Produce auctions provide a market of locally grown products at public auction.
This auction inventory varies by season, and includes baked goods such as pies, cakes, cookies, breads, fudge as well as fruits and vegetables including corn, carrots, potatoes, onion, watermelon, cantaloupe, beets, okra, pumpkins, tomatoes, garlic, peppers, apples, plums, blueberries, blackberries, strawberries, lettuce, rhubarb, kohlrabi, zucchini, squash, eggplant. Additionally, eggs, flowers, plants, hay, straw and many other products are sold.
In the United States, these produce auctions appear to take place almost entirely east of the Mississippi River. It’s common for the growers to be Amish or Mennonite, but these groups do not make up the entire seller pool.
Buyers include grocery stores, wholesalers, roadside farm markets and individuals. At most produce auctions, some product is sold in smaller lots intended for individuals, and larger lots directed towards wholesalers.
Why do people attend these produce auctions? First, the produce is about as fresh as it can be — possibly picked or harvested just prior to the auction in many cases. Secondly, these sellers take extra care in regard to soil, water quality, fertilizer (and otherwise ingredients) to make this produce some of the best available.
In this regard, many sellers depend upon the local produce auction to sell their products. These types of auctions are frequent, and allow sellers to grow or otherwise produce large quantities and have them all sold efficiently and quickly.
Management of these auctions is often by committee. Many times these committees will not only set policy, but be involved in the auction as well. Periodically, committees meet throughout the season to review procedures.
Most produce auctions publish a market report of some sort, showing commodity prices and trends. This report is used by both buyers and sellers to make their respective decisions about what to possibly buy and/or sell in the coming days and weeks.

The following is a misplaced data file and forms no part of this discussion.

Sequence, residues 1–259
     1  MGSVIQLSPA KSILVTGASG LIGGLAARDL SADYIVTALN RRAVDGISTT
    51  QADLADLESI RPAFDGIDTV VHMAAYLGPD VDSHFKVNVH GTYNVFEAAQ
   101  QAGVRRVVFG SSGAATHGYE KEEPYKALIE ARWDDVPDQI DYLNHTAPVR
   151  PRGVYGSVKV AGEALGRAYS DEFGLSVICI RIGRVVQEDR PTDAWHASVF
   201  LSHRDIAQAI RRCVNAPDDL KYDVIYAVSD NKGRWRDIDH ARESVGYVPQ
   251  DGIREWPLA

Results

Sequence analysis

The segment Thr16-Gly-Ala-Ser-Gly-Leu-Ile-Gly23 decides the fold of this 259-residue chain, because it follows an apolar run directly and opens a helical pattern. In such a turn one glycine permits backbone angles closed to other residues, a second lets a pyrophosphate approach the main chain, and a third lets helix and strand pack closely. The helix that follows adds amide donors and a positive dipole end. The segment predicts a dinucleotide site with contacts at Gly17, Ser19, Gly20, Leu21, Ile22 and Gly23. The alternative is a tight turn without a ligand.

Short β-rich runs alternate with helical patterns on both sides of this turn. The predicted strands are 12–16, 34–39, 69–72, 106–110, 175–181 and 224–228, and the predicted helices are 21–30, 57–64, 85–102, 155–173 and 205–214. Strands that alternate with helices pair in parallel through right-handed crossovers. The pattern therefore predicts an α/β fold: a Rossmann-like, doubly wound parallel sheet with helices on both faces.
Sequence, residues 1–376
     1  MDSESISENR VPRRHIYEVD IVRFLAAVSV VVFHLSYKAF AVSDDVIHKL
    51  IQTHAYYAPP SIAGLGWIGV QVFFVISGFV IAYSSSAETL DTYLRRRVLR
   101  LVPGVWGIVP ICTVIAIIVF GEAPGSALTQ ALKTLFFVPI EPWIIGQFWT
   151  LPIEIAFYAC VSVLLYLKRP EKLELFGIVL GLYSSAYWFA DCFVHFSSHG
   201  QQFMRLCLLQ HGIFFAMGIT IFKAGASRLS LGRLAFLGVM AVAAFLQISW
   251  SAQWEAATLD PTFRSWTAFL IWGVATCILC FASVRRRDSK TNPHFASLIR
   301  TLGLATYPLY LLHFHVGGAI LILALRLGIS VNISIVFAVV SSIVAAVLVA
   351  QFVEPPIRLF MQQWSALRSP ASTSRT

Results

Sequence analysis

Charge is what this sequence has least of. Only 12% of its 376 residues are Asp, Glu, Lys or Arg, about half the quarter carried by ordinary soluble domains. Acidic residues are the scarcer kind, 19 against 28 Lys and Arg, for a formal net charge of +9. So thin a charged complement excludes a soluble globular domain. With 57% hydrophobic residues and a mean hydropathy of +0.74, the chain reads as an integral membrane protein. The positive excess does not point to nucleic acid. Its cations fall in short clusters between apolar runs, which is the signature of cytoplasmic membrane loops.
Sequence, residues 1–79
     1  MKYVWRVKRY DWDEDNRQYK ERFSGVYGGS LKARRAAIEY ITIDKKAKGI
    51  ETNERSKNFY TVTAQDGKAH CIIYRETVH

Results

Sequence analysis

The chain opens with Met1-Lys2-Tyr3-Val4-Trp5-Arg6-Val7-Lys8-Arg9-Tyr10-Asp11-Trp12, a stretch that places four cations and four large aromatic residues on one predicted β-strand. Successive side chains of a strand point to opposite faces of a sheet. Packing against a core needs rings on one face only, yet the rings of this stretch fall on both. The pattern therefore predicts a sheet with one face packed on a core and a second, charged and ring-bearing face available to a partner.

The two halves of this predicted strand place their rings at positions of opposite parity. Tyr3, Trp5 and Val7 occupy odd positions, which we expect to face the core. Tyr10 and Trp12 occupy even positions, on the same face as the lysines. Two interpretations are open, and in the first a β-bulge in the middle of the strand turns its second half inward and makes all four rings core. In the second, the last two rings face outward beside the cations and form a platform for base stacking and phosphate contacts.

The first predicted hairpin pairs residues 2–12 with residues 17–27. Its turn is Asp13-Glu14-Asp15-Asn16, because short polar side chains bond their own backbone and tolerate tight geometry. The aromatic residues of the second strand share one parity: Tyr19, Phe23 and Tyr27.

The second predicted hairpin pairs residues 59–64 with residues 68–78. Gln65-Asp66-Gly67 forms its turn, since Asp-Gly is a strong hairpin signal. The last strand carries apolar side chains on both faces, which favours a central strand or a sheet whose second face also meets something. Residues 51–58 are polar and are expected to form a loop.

For auctioneers, produce auctions on the retail side offer somewhat unique bid calling opportunities — as some items are sold for as little as 10c each, 25c each, and of course for larger amounts. Bedding plants, for example, might be sold for 15c each, x 12 to a buyer wishing to grow their own modest crop of produce at home.
Produce auctions in the United States have become more popular lately, with more and more consumers looking for healthy foods and locally grown produce; in turn various outlets are hoping to fill this demand. In fact, a recent study indicates such eating can supress “junk food” cravings: http://www.today.com/health/weight-loss-program-rewires-brain-crave-healthy-food-scans-show-1D80115273
Mike Brandly, Auctioneer, CAI, AARE has been an auctioneer and certified appraiser for over 30 years. His company’s auctions are located at: Mike Brandly, Auctioneer, Keller Williams Auctions and Goodwill Columbus Car Auction. He serves as Adjunct Faculty at Columbus State Community College, Executive Director of The Ohio Auction School and Faculty at the Certified Auctioneers Institute held at Indiana University.